Oltsik said manual processes alone can't track all the instances of intellectual property that live in a company's infrastructure. Automated tools for tracking this information are needed.

Also, Oltsik said some organizations are making a big mistake by taking a decentralized approach to identifying and classifying intellectual property. Twenty percent of respondents said individual application owners, departments or individuals do the work of classifying information as intellectual property with no oversight from the legal or information security departments. Another 8% relied on individuals and departments as well, but legal and information security departments did provide oversight.

"The risk is that your policies and processes and enforcement will be different on a business unit by business unit basis," Oltsik said. "One department will say this really isn't intellectual property to me, whereas another business unit says it is. That's a problem, especially with a large, global company. Different classifications, monitoring and enforcement -- that creates vulnerability and things may be leaking out that shouldn't."

Randy Barr, chief security officer at WebEx Communications Inc., a Santa Clara, Calif.-based vendor of on-demand collaborative applications, deployed a Reconnex data protection appliance in his company two years ago. He bought the technology because executives suspected the company's sales leads were being leaked.

"We completed a risk analysis on our lead generation," Barr said. "We were concerned that somehow our lead-generation information was getting over to our competitors. We were getting ready to close and would find that our competitors would come in and bid below what we had bid."

Barr said Reconnex's technology found that WebEx's suspicions were unfounded. Sales leads weren't leaking, but there were other problems uncovered. Barr declined to be too specific.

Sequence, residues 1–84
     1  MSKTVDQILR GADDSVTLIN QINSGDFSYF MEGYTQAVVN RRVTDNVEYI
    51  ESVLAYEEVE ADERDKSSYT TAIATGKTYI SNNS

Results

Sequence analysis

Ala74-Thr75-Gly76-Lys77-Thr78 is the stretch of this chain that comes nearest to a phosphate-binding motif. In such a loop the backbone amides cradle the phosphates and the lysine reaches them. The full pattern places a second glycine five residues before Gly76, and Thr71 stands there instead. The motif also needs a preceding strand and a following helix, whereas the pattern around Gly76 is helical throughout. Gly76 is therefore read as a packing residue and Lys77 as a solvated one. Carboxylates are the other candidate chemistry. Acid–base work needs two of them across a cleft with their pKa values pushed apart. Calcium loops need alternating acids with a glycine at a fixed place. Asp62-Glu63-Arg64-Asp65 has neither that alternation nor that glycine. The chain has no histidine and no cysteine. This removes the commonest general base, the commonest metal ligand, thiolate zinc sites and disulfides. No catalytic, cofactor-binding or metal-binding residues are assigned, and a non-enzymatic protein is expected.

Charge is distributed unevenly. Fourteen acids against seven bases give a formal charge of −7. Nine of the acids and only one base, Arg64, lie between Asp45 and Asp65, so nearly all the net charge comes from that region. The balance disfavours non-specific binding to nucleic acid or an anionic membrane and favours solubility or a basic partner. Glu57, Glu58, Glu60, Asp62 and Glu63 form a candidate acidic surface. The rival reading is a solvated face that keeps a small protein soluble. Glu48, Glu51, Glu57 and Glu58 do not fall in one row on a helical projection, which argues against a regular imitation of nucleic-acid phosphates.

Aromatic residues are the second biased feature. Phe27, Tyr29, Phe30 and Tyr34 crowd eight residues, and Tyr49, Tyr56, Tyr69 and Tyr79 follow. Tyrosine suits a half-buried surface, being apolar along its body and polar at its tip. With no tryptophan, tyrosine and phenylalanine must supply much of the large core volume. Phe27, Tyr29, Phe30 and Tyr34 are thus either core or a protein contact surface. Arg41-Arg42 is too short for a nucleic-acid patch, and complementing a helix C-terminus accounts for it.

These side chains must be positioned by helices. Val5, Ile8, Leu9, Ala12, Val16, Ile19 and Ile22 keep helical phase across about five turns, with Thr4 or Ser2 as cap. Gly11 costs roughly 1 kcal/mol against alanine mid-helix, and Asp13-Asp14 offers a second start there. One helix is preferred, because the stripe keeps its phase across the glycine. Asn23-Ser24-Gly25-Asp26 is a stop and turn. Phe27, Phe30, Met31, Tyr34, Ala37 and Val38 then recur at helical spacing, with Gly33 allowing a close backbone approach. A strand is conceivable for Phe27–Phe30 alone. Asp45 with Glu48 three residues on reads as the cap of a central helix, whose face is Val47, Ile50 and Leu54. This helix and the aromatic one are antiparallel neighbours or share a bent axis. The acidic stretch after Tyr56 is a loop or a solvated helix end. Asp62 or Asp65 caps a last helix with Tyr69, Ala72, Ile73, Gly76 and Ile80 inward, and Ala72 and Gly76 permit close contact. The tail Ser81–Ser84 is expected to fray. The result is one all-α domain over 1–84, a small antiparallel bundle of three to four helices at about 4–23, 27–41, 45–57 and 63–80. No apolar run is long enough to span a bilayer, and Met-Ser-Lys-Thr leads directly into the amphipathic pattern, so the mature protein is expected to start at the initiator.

"We weren't prepared for what we were going to see," Barr said. "We did a 24-hour assessment. When we looked at the report there was a lot of information. We started noticing everyone's chats and webmail. It was so easy to see. It was pretty scary. We did identify some malicious users who were doing things internally they weren't supposed to."

Barr said Reconnex has helped his company secure intellectual property on the network level, but he said he'd like to see something that can deploy at the desktop level as well. He said it's difficult to track what users do with sensitive information on a desktop level, particularly whether they're transferring data to external storage media like CD-ROMs and USB drives.

"To fill that gap, we really restrict users from what information they have access to," Barr said. "When you restrict users, they come back and say they aren't as productive as they could be. They want to be able to work from home with laptops. There are certain cases where I have to authorize that."

Oltsik said, "We're in an evolutionary state. The tools will always get better. Today's tools are better than they were two years ago. Everything could improve and will improve, but you can certainly find tools right now to help you if you look."

Let us know what you think about the story; email editor@searchcio.com.